and recipient of the 2020 Academy Thesis Award. Her research
will be presented in association with Out of Print @ ART The
Hague in the Autumn of 2021.
As part of the Steenbergen Stipendium Award, her work will also
be exhibited at the Nederlands Fotomuseum, Rotterdam in the
Spring of 2021.
Wilson primarily works with photographic material, archives
& text to illuminate the lingering embers of conflict in N. Irish
e-mail: [email protected]
Alana is a figurative painter based in Belfast, Northern Ireland. Since graduating Ulster University in 2016 her paintings have been acquired for public collections including The University of Ulster and Arts Council of Northern Ireland. In 2018 – 20 she was selected for the Royal Ulster Academy annual exhibition . In 2019 Alana won Northern Ireland Young Artist of the Year and was awarded the SIAP General Arts award. In 2020 she received the Arts Council Northern Ireland Artists Emergency programme and Artist Resilience fund.
Staged within a created reality the artwork is based around the exploration of childhood, family relationships and the speculative relationship between what is real and what is imaginary.The paintings deal with a hyper reality using both figurative and abstract elements that explore the use of movement and colour to convey ideas of surreal dream like states and alternative realities. Taking inspiration from cultures, the Renaissance and consciousness; primarily based on young people integrated with organic forms.
Habitat is a collection of paintings inspired by art made by families at home. The project began with a series of free online art tutorials tailored for adults and children to work on jointly, with the aim of creating positive memories during time spent at home. Participants were invited to send their creations as reference to inform this series of figurative paintings which explores childhood and family relationships.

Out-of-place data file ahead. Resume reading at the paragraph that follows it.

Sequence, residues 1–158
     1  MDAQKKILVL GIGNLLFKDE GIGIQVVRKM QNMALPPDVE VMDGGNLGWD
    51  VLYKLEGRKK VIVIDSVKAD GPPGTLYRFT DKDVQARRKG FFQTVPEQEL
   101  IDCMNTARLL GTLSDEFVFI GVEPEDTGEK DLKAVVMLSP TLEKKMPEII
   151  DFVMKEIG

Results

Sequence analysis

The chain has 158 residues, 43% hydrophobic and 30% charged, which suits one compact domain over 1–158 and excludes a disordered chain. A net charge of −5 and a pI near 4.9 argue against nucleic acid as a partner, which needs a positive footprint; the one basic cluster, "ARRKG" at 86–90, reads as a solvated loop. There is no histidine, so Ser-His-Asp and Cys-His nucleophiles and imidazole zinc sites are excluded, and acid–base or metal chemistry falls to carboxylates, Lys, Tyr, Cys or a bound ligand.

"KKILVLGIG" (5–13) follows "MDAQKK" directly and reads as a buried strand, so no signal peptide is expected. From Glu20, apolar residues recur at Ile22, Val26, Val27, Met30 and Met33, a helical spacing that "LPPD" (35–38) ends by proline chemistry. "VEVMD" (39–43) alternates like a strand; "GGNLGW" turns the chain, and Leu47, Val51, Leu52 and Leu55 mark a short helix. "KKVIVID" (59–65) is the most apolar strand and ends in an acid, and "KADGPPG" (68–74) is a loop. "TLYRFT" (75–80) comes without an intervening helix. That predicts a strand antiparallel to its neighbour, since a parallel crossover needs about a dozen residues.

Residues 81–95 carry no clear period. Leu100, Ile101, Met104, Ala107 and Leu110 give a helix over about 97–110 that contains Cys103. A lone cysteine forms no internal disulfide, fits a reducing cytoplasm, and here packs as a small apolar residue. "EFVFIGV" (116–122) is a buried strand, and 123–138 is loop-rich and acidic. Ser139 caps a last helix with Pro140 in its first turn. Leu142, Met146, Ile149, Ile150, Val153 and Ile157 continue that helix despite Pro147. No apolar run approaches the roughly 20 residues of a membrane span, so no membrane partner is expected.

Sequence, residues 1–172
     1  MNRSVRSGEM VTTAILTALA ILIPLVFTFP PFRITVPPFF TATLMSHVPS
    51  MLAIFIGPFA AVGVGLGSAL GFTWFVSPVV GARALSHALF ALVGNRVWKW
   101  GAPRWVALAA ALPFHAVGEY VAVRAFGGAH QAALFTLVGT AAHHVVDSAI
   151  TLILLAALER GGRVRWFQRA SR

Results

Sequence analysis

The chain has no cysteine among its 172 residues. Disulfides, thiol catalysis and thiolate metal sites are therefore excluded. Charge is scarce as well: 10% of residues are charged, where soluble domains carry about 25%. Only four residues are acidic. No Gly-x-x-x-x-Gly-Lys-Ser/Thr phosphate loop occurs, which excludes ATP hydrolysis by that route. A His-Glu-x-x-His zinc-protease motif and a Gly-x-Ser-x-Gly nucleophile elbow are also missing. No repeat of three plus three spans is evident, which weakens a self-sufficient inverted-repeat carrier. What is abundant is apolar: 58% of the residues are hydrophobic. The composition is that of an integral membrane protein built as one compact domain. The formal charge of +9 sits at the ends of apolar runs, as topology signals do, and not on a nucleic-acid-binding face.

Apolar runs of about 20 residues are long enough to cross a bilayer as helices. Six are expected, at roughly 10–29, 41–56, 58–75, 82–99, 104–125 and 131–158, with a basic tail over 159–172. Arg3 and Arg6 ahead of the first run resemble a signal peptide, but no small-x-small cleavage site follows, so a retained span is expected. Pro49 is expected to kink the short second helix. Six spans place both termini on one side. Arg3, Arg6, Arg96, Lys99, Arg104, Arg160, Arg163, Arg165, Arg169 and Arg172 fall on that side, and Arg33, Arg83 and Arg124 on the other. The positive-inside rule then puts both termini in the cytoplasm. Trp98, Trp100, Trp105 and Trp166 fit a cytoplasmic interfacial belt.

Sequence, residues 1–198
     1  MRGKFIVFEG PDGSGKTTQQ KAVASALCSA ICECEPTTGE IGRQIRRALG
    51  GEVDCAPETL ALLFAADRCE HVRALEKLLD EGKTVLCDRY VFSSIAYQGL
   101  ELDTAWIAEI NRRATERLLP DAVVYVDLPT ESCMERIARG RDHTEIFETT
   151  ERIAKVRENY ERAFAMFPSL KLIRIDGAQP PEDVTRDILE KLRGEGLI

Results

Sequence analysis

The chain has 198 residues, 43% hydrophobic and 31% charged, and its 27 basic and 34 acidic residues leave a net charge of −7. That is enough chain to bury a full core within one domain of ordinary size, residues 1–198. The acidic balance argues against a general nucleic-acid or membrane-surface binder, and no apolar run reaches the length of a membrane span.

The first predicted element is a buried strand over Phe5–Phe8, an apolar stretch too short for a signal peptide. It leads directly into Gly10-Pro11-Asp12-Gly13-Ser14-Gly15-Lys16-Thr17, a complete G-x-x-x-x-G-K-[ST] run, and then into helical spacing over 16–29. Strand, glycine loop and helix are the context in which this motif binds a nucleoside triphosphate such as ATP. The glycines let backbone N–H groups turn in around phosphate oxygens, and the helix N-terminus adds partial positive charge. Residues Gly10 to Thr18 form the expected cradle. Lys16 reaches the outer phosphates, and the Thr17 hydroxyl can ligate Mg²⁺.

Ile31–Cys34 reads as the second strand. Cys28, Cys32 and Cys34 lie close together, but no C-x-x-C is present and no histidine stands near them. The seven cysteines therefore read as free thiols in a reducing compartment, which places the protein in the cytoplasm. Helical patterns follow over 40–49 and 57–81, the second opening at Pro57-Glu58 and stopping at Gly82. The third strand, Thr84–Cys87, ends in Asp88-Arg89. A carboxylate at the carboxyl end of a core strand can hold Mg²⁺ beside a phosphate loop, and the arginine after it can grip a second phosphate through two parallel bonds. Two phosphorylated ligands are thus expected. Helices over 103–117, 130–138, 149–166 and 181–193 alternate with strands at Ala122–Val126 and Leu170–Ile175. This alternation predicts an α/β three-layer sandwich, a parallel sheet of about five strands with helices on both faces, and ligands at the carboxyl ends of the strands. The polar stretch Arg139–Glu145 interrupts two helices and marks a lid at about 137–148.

Lenka Davidikova’s artwork explores the idea of searching for an interpretation of the human condition, through introspection, and relationships with others. There is a sense of attraction to alienated, displaced characters in Davidikova’s artwork. Davidikova does not aim to create fixed images, guided by concentrated, focused attention; rather, she aims to be guided by active but unfocused attention, resulting in correspondences guided by ‘unconscious scanning’. Davidikova’s artistic practice consists mainly in working with various drawing media or ink. It is the immediate action these media offer that Davidikova is drawn to. The versatile ability of charcoal and graphite allows Davidikova to capture both gestures and emotions. In contrast, the limitations of the usage of ink, place a demanding element upon the artist’s fluid fixations.
Recently Davidikova started to experiment with the idea of making hand sewn 3D textile sculptures representing the human form which is often crippled. Having studied Fashion Design in Slovakia and hand sawing from a very early age, going back to reinterpreting skills and motions she once enjoyed becomes an important fresh element to Davidikovas artwork. It reinforces meditative aspect to her work processes.
The idea of the ‘Presenting Female Exhibition’ is to place emphasis on the female figure, in both its natural and unnatural settings, reflecting on the position of women within traditions, culture, and society. Depicting some of my personal heroines from Ireland, Northern Ireland, and Slovakia, the ‘Presenting Female Exhibition’ questions often assumed female trajectories. The ‘ Presenting Female Exhibition’ aims to celebrate the ‘ female ‘ figure within this society to bring awareness of her abilities to cope and to embrace everyday life; cultural differences, traditions she keeps alive, challenges she deals with and strength she shows to stand up for herself.
MMXX is a collaboration between Francesca Vendramin (ceramicist, FV/Ceramics Studio) & Stephen Dow (printmaker, heraldblack).
Francesca, from Italy, trained at Central Saint Martins (BA Hons) while Stephen is from Ireland and graduated from the Belfast School of Art. They both live and work in London.